BUFFALO, N.Y. – With time winding down in their careers, Wisconsin seniors Bronson Koenig and Nigel Hayes felt they had more to offer after a season of close calls and runner-up finishes. With one final go around in the tournament where they first made their marks, they once again embraced the spotlight.
Koenig scored a career-high 28 points – including setting a school-record with eight 3-pointers – and Hayes notched his third straight double-double to lead the eighth-seeded Badgers to an 84-74 victory over ninth-seeded Virginia Tech at the KeyBank Center late Thursday night in the opening round of the N.C.A.A. tournament.
“You can definitely say I was looking for my shot,” Koenig said. “It's something I take pride in, being a senior point guard, is making plays in critical moments.”
Hayes hit some big shots and some pressure free throws to finish with 16 points and 10 rebounds. The senior registered 14 points and seven board in the second half alone, going 8-for-9 from the line.
Sophomore Khalil Iverson – returning after missing the last two games following the shooting death of two of his cousins - chipped in 11 off the bench to help the Badgers (26-9) shoot 50 percent in the second half and win their opening round N.C.A.A. tournament game for the 10th time in 11 years.
A lot was made about Wisconsin being under-seeded and having a quick turnaround after losing in Sunday’s Big Ten tournament championship. UW showed it can deliver in big situations, which is will need to do when it takes on No.1 overall seed – and defending national champion – Villanova (32-3) at 1:40 p.m. CT Saturday.
“I thought we got the ball in some pretty high percentage areas,” Wisconsin head coach Greg Gard said. “We wanted to make sure we tried to touch the post when we could. We shot quite a few free throws down the stretch, too.”
Senior Zach LeDay scored 23 points to lead four Hokies in double figures, but Virginia Tech (22-11) never could get over the hump in a game that was two possessions or less from 17:06 to :37 in the second half. Five times the Hokies cut the lead to one point, only to have Wisconsin respond with a bucket on the next possession.
Twice it was Wisconsin finding Koenig for a 3-pointer, as five different players combined to assist on every one of Koenig’s perimeter makes. Finishing 9-for-21 overall and 8-for-17 from three, Koenig just kept telling himself to stay aggressive.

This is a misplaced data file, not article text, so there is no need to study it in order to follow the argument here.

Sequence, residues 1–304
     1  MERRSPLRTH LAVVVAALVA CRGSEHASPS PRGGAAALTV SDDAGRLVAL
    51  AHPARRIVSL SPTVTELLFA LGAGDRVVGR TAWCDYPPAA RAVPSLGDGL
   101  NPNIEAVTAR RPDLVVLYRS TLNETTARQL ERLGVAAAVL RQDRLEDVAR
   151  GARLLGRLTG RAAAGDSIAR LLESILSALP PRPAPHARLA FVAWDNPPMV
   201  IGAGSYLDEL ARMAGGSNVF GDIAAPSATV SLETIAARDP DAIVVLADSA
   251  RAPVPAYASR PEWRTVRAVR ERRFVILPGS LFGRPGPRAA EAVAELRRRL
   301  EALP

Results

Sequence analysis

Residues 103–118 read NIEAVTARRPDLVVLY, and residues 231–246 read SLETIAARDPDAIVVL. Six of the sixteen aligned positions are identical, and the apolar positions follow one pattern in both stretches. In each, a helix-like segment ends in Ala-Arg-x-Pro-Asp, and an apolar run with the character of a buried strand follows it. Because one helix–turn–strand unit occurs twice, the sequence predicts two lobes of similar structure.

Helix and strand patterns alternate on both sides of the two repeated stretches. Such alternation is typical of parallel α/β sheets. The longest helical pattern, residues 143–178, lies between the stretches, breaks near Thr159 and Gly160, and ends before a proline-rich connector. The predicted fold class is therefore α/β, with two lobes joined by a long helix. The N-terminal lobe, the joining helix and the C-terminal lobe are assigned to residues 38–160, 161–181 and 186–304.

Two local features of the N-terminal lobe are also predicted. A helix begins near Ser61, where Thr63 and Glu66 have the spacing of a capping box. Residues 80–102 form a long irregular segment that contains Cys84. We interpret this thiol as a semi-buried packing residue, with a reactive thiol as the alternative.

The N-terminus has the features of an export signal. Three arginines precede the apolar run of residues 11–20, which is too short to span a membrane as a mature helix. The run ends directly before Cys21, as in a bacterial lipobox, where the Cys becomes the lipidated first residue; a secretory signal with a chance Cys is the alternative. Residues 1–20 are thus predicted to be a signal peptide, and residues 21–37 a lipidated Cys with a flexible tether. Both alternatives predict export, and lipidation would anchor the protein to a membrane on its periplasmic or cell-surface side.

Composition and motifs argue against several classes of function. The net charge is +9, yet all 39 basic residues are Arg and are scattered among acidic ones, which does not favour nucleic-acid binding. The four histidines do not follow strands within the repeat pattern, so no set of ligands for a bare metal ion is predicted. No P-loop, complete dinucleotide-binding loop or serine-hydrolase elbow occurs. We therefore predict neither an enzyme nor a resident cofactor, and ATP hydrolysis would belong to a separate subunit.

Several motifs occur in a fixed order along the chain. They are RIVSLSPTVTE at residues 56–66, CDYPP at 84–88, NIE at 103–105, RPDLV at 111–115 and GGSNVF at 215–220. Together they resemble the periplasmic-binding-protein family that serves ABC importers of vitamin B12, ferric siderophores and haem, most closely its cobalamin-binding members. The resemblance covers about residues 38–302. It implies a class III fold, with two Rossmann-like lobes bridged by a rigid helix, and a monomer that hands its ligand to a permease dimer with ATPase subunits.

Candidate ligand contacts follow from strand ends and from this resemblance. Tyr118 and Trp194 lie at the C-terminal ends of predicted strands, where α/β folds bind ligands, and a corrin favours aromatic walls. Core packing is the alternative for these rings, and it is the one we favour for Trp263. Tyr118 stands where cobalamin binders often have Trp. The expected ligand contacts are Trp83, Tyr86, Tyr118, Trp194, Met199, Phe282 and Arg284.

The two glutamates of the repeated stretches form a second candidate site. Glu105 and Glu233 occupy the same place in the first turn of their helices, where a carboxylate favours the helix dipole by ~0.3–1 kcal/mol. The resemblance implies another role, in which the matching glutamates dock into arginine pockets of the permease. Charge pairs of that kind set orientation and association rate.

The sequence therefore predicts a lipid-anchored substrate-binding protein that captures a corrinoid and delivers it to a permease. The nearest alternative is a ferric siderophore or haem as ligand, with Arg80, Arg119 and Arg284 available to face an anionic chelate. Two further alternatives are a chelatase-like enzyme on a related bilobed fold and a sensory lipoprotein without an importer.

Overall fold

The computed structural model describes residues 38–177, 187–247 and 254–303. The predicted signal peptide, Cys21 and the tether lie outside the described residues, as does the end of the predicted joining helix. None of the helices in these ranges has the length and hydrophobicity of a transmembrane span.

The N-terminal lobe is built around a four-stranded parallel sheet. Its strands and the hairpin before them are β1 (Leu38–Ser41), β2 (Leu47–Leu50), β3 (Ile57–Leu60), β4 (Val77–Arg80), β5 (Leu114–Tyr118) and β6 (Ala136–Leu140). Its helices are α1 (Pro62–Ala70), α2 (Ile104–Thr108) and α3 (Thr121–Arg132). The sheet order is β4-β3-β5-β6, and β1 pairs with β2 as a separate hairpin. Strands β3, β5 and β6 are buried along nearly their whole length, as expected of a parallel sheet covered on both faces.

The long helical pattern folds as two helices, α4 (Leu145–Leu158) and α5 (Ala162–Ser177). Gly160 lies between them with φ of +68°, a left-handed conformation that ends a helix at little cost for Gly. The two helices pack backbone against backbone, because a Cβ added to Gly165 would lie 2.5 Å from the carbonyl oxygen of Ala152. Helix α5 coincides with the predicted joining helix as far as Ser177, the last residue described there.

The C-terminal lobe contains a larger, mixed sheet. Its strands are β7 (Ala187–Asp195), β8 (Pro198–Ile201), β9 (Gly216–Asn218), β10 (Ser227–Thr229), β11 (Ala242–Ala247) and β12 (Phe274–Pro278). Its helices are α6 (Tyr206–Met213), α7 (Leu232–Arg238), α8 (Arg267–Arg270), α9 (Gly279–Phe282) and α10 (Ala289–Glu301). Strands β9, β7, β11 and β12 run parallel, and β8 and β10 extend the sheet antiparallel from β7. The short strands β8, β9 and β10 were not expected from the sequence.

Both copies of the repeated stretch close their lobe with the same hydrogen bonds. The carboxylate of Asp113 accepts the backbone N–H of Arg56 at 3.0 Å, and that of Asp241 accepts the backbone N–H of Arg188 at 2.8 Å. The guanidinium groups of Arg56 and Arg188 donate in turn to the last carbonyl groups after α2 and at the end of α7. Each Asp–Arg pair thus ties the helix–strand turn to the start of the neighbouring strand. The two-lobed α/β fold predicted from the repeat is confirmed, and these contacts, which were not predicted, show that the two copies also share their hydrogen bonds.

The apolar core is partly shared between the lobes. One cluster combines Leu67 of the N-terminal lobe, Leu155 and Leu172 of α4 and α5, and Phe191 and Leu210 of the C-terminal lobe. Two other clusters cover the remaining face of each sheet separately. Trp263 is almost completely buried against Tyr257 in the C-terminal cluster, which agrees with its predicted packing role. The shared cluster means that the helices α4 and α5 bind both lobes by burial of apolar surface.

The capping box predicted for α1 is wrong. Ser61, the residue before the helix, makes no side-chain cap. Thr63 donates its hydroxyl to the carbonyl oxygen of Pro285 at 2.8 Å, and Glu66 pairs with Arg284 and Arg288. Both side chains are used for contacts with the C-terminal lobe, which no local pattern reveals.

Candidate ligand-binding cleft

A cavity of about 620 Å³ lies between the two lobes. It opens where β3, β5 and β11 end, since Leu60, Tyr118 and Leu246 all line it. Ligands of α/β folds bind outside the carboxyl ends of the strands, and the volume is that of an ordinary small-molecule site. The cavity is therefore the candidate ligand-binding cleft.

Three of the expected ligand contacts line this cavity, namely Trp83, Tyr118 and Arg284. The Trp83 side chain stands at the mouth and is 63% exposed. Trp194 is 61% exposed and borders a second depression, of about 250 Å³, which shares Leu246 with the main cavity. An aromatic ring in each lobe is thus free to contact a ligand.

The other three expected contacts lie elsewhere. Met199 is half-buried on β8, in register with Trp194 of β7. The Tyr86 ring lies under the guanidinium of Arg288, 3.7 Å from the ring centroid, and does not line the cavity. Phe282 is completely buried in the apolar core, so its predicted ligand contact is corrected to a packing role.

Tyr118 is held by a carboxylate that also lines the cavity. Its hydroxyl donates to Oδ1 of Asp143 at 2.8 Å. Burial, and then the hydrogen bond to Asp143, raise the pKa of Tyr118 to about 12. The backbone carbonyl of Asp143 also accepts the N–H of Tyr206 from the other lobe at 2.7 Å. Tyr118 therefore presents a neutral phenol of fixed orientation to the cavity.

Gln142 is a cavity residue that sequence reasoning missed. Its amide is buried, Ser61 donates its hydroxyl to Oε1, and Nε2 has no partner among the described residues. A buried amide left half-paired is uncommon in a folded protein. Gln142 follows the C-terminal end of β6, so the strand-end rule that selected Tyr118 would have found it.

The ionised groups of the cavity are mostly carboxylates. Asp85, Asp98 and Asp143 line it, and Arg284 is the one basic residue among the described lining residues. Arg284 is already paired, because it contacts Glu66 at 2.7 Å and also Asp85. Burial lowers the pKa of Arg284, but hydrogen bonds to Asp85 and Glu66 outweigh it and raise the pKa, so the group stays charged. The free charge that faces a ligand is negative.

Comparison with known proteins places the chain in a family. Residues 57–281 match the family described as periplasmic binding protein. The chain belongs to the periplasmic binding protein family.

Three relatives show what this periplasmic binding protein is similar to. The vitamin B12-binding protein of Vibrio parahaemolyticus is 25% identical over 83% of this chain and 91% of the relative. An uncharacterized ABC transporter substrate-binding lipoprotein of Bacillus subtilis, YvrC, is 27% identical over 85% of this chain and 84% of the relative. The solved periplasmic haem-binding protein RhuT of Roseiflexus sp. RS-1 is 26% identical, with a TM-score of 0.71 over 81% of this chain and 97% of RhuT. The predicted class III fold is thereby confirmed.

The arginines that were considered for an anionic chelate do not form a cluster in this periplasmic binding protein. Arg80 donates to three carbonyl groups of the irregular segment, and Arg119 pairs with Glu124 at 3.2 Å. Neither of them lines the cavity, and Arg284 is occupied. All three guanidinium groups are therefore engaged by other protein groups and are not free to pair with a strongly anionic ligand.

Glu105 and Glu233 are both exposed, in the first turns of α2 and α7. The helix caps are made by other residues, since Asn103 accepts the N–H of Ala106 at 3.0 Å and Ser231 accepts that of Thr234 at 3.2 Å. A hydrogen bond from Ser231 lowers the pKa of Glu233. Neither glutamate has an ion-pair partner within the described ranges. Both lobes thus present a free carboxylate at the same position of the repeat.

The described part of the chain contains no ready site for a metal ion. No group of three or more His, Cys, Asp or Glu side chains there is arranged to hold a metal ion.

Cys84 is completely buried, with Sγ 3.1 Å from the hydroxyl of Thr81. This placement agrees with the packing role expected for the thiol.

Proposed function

“I was feeling it a little bit,” Koenig said. “I don't think I shot all that well, to be honest, looking at my numbers, but I knew the way they were going to play defense with the switching and everything like that, and going back to zone, and back and forth, that I was going to be able to get some open looks if I just kept moving them.”
The late-game heroics are nothing new for Koenig, who drilled a 3-pointer at the buzzer last year to send Wisconsin to the Sweet 16 with a win over second-seeded Xavier. This time it was a slow death the senior delivered with countless sucker punches that stymied the Hokies’ rhythm.
“He's done that throughout the year,” Gard said. “He's hit big shots for us … He has a tendency to obviously have the ball in his hands, so the opportunities go up. At the end of the game, you want the ball in your point guard's hands, whether it's him shooting or making plays for others. And he was opportunistic, and he hit obviously timely shots when we needed it.”
Wisconsin needed Koenig’s shooting to survive on a night where its defense was far from perfect. The Badgers allowed junior Justin Bibbs to convert a pair of four-point plays – on two inbounds plays Gard said the team had practiced the last two days – and gave up plentiful in dribble penetration. Virginia Tech scored 32 points in the paint and 10 off only six offensive rebounds.
The Hokies finished at 50 percent shooting in the first half and, although outrebounded 11-3 on the offensive glass, outscored UW 8-7 on second-chance points and 16-12 in points in the paint.
UW made things look better by holding the Hokies to no field goals in the final 5:38 to close the game on a 15-6 run, including 10-1 in the final 2:25.
“Our defense, it wasn't good at all,” Hayes said. “I'm sure (Gard will) be up all night with clenched fists watching film at how poor we were. … We needed a score record-breaking performance in order to beat them.”
UW needed other players, too. Iverson contributed eight points, five rebounds and an assist in the opening half. He finished with seven rebounds and hit 7 of 10 free-throw attempts
One of his biggest plays late came from Hayes, whose spin move on Virginia Tech’s Ty Outlaw led to a 3-point play and a 77-73 lead with 2:07 remaining. On the next possession, Ethan Happ cleaned up a rushed Koenig 3-pointer to beat the shot clock to make the lead six with 1:23 remaining. Happ battled foul trouble to finish with 10 points and eight rebounds, as UW turned 17 offensive rebounds into 18 second-chance points.
The Hokies were playing in their first N.C.A.A. tournament since 2007 while the Badgers’ senior class played in their 15th postseason game in the last four years. Down the stretch there was no substitute for experience.
“I think it definitely helped a lot for us to have the older guys that we have and have been through some of the runs we've had in the tournament,” Hayes said. “I think it showed with Bronson the way he responded to each time they went on a run. Each time they hit a bit shot, he responded with a big shot and that's something that you need.”